Providing automated architecture as a service, Splicer converts native enterprise stacks into a low code, rapid mobile app and web development platform. Splicer’s data model automation mechanism works in conjunction with various stable, open source java server technologies and mobile app development tools. This powerful combination enhances open source, enterprise mobile stacks — including high-performance, java servers (J2EE) running on the Play Framework or Spring Boot. Moreover, our development system supports heterogeneous web and native mobile clients for a comprehensive, cross-platform development solution.
This technical video gives a demo of these Splicer features: https://youtu.be/sVwSiU3YHi0
Low Code Analysis
In a review of the leading “low code” platforms David Ramel explains we need them “to meet the insatiable demand for apps amid a shortage of coding pros”1, and includes the new hpaPaaS category. Jason Bloomberg further refines that “low code … centers on professional developer”2, whereas “no code” is primarily for the “citizen developer”. I like how he takes a jab at these confusing, endless product categories that have been introduced for years in this space: “the big analyst firms can’t make heads or tails of this mess.”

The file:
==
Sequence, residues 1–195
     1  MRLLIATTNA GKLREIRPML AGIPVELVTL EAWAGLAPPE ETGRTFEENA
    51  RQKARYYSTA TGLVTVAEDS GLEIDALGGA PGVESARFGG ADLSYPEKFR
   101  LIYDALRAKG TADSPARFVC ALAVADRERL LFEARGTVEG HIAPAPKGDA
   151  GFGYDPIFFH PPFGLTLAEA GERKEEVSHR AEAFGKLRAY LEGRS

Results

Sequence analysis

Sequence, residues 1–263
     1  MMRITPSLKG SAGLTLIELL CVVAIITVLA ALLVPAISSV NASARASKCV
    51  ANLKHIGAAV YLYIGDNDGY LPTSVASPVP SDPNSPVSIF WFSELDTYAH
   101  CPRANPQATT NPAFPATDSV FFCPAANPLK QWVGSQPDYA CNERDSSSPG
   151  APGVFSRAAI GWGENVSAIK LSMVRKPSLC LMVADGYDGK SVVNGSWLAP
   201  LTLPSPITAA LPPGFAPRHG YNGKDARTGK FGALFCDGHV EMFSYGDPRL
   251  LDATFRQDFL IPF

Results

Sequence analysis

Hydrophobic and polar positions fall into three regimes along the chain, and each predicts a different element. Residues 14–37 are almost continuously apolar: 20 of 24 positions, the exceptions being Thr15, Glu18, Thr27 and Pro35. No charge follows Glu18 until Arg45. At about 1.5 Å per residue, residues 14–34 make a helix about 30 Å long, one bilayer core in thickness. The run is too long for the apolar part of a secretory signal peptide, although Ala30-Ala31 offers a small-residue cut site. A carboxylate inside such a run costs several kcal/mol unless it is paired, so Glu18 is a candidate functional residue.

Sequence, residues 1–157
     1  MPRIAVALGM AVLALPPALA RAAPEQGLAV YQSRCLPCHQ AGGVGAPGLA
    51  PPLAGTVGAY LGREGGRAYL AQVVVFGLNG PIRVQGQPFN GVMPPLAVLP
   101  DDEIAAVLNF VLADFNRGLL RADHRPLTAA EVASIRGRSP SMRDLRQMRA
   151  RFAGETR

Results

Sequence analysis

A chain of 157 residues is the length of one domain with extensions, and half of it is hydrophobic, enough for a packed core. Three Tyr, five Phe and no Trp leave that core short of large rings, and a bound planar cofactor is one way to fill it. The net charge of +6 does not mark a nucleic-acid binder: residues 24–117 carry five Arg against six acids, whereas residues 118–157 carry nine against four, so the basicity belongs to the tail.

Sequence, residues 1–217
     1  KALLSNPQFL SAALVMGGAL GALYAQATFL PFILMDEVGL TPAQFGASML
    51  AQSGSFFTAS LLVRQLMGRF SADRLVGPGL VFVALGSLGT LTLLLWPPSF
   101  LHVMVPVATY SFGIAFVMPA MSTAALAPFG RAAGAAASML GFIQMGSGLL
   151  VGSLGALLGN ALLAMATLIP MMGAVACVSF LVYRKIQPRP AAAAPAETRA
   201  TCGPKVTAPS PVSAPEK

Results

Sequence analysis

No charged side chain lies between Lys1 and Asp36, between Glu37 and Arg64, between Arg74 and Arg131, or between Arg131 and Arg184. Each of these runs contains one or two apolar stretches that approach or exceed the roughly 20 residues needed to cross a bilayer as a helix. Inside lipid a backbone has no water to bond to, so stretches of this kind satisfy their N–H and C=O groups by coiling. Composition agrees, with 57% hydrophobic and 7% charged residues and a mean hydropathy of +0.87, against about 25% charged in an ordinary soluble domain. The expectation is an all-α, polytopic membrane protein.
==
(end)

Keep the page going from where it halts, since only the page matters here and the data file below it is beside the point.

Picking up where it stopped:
Good. So it’s not just me.
Being a full-stack developer, none of these MBaas, RMAD, MADP, aPaaS, low code/no code, and now hpaPaaS solutions make much sense to me. For starters, each time I look at one of these “platforms”, I’m overcome with the same feeling of “oh no, not another thing to learn”. Each one expects us to learn their way of doing things. While “low code” might help expedite development, it does mean learning their way of doing things — meaning “lock in”. They to go to extravagant means to claim they don’t lock you in, but it’s just not true. Dig deep enough and you’ll find it. They talk about “open” and even “open source”, but look closely: perhaps they are not open-sourcing the actual server! Anyhow, I’ve looked at close to a dozen of these things. I only have time to review each one briefly, so please chime in if you have an opinion and can help shed some more light on the subject.